Melilla

Melilla

Mlilt  (Tarifit)
Port of Melilla
Port of Melilla
Motto(s): 
«Praeferre Patriam Liberis Parentem Decet» (Latin)
("It is seemly for a parent to put his fatherland before his children")
«Non Plus Ultra» (Latin)
("Nothing more beyond")
Map of Melilla
Location of Melilla
Coordinates: 35°18′N 2°57′W / 35°18′N 2°57′W / 35.300; -2.950UTC+2 (CEST)
ISO 3166 code
ES-ML
Official languagesSpanish
Statute of Autonomy14 March 1995
ParliamentCortes Generales
Congress1 deputy (of 350)
www.melilla.es

Melilla (US: ə/ LEE-yə, UK: ˈ-/ meh-,[2][3] Spanish: [meˈliʎa]; Tarifit: Mlilt[4]) is a Spanish autonomous city located on the north coast of Africa, sharing a border with Morocco, with an area of 12.3 km2 (4.7 sq mi). Melilla is one of two permanently inhabited Spanish cities in mainland Africa, the other being Ceuta. It was part of the Province of Málaga until 14 March 1995, when the city's Statute of Autonomy was passed.

Melilla, like Ceuta, was a free port before Spain joined the European Union.[citation needed] In 2011 it had a population of 78,476, made up of Catholics of Iberian origin (primarily from Andalusia and Catalonia), ethnic Riffian Berbers and a small number of Sephardic Jews and Sindhi Hindus. Spanish and Riffian-Berber are the two most widely spoken languages, with Spanish as the only official language.

Melilla, like Ceuta, is officially claimed by Morocco.[5][6]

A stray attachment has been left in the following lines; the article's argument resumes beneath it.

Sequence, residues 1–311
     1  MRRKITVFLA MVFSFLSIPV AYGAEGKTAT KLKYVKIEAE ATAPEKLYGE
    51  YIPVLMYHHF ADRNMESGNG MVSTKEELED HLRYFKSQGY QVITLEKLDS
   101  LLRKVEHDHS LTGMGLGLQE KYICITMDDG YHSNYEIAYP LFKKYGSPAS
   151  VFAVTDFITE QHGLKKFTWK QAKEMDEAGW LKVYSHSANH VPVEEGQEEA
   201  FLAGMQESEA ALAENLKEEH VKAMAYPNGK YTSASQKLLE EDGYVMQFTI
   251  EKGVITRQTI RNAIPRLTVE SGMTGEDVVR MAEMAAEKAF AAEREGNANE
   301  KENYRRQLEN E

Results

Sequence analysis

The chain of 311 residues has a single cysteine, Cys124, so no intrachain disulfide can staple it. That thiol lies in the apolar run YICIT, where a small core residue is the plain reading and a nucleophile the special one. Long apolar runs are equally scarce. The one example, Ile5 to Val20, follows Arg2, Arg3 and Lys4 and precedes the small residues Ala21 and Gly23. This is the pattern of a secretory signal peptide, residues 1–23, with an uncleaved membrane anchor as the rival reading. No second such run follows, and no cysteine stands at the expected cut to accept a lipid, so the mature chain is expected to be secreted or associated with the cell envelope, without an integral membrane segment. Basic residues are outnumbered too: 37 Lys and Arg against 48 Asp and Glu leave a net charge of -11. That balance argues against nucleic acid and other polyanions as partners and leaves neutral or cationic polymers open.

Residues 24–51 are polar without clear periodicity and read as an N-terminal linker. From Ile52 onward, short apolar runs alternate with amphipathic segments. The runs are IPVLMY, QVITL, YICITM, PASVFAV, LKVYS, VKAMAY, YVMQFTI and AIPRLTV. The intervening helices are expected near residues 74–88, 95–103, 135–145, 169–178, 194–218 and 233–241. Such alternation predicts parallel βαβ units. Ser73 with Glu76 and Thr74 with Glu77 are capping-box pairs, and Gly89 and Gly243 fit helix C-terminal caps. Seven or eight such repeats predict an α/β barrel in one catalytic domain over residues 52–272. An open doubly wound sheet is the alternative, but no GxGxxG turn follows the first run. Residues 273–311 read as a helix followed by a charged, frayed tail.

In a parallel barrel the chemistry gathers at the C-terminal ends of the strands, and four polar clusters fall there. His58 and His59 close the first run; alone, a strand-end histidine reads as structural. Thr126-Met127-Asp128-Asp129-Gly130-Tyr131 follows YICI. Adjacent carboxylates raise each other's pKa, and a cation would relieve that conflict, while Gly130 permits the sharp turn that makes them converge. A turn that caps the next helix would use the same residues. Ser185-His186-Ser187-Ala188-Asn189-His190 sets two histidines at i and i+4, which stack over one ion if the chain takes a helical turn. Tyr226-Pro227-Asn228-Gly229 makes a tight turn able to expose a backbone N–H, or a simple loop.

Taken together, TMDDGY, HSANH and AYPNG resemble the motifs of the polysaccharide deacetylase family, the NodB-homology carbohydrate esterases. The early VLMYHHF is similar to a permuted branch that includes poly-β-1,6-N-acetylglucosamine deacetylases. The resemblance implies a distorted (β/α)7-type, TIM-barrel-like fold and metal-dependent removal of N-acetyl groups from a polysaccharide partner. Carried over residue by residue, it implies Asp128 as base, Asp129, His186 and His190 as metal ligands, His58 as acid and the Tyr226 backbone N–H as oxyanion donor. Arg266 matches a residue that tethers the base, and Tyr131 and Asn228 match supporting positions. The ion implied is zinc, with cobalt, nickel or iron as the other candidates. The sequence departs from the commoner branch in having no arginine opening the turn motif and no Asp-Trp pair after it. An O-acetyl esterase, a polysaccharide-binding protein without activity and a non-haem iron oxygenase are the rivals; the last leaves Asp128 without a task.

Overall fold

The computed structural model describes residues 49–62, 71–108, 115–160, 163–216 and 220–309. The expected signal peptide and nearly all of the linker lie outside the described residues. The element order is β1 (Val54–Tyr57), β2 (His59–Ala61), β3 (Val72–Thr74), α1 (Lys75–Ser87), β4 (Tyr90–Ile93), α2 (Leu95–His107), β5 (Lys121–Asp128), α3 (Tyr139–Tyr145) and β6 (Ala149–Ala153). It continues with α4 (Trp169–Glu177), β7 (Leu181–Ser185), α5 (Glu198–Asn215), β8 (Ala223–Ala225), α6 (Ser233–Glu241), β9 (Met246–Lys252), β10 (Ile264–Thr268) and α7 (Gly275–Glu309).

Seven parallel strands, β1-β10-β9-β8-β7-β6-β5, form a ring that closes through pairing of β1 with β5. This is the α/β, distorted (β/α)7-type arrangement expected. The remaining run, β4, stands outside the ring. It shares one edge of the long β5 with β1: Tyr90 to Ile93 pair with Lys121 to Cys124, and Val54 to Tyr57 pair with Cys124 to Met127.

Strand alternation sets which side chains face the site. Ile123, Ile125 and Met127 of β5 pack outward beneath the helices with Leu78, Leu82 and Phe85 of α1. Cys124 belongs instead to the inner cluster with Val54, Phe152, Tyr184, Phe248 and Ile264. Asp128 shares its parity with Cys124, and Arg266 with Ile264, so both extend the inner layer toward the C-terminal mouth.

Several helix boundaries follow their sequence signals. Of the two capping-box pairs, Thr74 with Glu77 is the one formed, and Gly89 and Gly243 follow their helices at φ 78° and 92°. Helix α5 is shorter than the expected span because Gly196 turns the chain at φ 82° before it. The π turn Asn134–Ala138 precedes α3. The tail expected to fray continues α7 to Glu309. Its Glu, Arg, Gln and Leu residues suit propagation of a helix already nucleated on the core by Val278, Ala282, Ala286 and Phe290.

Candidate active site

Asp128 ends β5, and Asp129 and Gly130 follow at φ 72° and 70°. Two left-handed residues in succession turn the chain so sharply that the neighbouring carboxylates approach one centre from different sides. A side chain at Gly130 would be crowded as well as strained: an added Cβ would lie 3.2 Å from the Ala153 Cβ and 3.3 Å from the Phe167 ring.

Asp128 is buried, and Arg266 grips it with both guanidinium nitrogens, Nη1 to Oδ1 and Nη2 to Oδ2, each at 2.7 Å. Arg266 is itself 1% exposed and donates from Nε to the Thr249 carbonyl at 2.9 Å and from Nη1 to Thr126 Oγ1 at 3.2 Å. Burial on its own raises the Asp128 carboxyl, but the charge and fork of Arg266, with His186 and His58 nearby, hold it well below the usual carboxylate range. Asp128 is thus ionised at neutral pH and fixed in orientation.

History

The current Berber name of Melilla is Mřič or Mlilt, which means the "white one". Melilla was an ancient Berber village and a Phoenician and later Punic trade establishment under the name of Rusadir (Rusaddir for the Romans and Russadeiron (Ancient Greek: Ῥυσσάδειρον) for the Greeks). Later it became a part of the Roman province of Mauretania Tingitana. Rusaddir is mentioned by Ptolemy (IV, 1) and Pliny (V, 18) who called it "oppidum et portus", also cited by Mela (I, 33) as Rusicada, and by the Itinerarium Antonini.[7] Rusaddir was supposed to have once been the seat of a bishop, but there is no record of any bishop of the supposed see,[7] which is not included in the Catholic Church's list of titular sees.[8] As centuries passed, it went through Vandal, Byzantine and Hispano-Visigothic hands. The political history is similar to that of towns in the region of the Moroccan Rif and southern Spain. Local rule passed through Amazigh, Phoenician, Punic, Roman, Umayyad, Idrisid, Almoravid, Almohad, Marinid, and then Wattasid rulers. During the Middle Ages, it was the Berber city of Mlila. It was part of the Kingdom of Fez when the Catholic Monarchs, Queen Isabella I of Castile and King Ferdinand II of Aragon requested Juan Alfonso Pérez de Guzmán, 3rd Duke of Medina Sidonia, to take the city.